Dreher, T. (forthcoming 2014), ‘White Bread Media’ in the Media and Communications in Australia eds. S Cunningham and S Turnbull, Allen and Urwin.

Feudalisation of the internet: Who knows the most about you?

The feudalisation of the internet is quite a relevant and contemporary issue that regardless of our individual understanding of the issues at hand has the potential to have major repercussions years from now. In digital terms, feudalisation refers to the centralised control of a network, such as the internet. This introduces the concept of the walled garden, which refers to closed, hierarchical, centralised databases. Examples of walled gardens include Facebook, Instagram, Amazon, Apple App store and Google Play, to name a few. These databases exhibit control, surveillance and censorship over information that we not only see but also produce. ‘Tethered devices’ (Zittrain, 2008) play a role in the delivery of walled gardens

Lecture slides; week 8 –

I want to explore the notion of surveillance a little more….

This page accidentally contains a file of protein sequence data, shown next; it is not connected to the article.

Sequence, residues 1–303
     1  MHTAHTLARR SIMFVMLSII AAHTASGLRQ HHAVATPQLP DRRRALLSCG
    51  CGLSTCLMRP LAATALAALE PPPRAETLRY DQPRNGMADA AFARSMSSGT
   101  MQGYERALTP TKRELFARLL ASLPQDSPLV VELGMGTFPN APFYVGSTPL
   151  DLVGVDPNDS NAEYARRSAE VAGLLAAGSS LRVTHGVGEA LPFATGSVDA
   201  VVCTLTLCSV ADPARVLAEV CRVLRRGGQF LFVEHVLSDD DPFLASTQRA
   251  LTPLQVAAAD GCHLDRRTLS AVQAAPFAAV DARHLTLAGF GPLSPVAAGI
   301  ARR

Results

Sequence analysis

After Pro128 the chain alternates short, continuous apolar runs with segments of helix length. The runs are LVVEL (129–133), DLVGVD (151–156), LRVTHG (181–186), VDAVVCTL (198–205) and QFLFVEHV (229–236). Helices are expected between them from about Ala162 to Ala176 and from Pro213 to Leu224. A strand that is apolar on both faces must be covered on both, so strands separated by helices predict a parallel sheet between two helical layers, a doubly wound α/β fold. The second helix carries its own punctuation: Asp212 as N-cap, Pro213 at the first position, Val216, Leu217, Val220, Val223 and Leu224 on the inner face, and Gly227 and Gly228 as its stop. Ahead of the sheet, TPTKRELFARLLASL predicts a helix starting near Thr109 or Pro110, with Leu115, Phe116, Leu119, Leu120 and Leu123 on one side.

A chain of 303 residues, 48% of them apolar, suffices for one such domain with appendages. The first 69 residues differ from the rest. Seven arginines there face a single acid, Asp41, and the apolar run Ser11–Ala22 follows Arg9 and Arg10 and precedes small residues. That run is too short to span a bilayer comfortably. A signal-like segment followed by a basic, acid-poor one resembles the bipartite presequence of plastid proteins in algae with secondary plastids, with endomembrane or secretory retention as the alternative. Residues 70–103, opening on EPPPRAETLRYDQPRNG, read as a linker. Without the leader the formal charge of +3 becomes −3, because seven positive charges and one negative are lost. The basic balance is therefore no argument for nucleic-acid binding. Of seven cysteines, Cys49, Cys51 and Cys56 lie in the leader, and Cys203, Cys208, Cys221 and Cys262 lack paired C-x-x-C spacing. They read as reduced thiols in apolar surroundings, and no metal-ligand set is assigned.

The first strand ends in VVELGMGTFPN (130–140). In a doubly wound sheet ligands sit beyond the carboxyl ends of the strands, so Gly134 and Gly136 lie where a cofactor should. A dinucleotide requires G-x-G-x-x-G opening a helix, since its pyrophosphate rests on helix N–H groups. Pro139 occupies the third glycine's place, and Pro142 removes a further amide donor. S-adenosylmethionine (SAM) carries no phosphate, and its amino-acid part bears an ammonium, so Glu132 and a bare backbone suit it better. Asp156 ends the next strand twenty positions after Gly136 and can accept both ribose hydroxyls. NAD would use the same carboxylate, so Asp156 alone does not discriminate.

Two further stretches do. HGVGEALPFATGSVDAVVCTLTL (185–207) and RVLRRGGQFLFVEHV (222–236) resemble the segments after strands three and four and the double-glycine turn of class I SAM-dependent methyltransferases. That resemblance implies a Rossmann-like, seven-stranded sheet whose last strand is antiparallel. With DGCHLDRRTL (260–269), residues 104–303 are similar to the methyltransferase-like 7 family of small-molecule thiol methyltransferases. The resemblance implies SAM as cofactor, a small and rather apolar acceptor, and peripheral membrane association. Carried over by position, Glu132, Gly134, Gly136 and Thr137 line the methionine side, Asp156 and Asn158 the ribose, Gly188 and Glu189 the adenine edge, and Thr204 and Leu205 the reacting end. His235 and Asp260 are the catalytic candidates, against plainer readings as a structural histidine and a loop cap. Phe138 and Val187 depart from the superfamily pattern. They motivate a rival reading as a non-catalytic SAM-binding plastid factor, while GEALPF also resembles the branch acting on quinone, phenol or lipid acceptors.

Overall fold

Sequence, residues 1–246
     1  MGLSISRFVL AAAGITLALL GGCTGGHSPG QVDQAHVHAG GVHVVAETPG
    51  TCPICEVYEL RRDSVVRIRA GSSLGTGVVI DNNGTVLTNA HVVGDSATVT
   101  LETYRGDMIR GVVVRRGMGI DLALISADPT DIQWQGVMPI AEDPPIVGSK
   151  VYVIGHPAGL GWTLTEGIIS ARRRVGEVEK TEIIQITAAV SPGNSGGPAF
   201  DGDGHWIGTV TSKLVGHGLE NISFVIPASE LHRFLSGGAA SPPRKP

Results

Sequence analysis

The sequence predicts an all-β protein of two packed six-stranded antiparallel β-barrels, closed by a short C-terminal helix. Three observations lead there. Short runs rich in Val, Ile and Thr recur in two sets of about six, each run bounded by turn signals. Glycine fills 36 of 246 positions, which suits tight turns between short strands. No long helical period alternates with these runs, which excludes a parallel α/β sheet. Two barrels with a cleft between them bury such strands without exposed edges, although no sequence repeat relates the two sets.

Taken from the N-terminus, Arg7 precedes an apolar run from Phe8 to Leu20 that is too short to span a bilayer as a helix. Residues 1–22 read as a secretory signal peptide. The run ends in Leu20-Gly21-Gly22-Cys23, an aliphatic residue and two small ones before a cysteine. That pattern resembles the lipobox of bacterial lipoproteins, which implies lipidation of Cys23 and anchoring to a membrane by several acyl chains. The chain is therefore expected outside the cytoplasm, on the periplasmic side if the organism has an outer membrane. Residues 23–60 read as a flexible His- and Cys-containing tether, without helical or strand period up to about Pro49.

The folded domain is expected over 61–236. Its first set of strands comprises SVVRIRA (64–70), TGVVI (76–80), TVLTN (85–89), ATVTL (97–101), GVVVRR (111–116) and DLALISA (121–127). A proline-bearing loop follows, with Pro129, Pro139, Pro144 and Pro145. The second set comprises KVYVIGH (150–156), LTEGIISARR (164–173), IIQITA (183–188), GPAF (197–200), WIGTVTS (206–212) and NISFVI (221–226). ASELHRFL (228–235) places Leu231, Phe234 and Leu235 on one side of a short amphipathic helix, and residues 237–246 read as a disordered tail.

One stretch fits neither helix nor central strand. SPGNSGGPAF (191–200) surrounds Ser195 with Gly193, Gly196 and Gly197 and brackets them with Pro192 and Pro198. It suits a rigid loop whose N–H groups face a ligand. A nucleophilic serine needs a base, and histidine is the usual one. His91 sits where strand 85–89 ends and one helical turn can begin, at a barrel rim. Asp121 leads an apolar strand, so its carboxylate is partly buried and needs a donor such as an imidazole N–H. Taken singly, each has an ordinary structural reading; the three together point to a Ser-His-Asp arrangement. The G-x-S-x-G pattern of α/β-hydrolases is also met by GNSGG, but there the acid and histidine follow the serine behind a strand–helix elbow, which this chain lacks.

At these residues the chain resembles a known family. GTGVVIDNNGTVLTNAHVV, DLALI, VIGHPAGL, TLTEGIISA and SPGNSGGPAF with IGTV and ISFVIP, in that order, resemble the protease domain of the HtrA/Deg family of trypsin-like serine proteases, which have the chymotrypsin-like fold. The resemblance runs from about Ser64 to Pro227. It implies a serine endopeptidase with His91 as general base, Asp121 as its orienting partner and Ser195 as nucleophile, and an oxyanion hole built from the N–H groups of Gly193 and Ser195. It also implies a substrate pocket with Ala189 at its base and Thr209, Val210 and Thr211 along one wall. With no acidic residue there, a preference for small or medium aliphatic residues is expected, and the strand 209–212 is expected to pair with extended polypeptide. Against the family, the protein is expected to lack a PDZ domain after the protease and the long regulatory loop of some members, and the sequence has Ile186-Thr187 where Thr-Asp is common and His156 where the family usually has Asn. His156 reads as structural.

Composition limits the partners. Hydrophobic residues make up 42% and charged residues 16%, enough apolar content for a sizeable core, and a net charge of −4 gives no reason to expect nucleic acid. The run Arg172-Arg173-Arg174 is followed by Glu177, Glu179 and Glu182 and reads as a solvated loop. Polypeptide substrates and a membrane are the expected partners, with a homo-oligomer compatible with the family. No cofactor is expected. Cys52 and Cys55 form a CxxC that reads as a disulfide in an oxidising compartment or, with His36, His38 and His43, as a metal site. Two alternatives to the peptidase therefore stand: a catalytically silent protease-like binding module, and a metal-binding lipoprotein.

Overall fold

“The more we know about you, the more valuable your data is, the more of it we want to keep”

Points raised in this week’s lecture suggests that companies such as those aforementioned know more about us than some of our closest friends do. But do we really care? Do we care who sees and distributes our information? Who are we without this data?

Consider the case of Max Schrems. Max, after three years of using Facebook requested for them to present him with all of the information and data that they had on him. After payment, they sent him 1222 pages of information.

Now, consider Bongo

what does bongo know about youbongo3

Bongo compiles information on individuals from websites, emails, cookies, third parties as well as interviews and phone calls. Upon requests, Bongo will send a reply text message to you, detailing ANY information you want on a certain individual.

Are we losing control of who we are? The repercussions of so much detailed information and data being held to our name could have devastating effects in the future. What would we give to make this information disappear?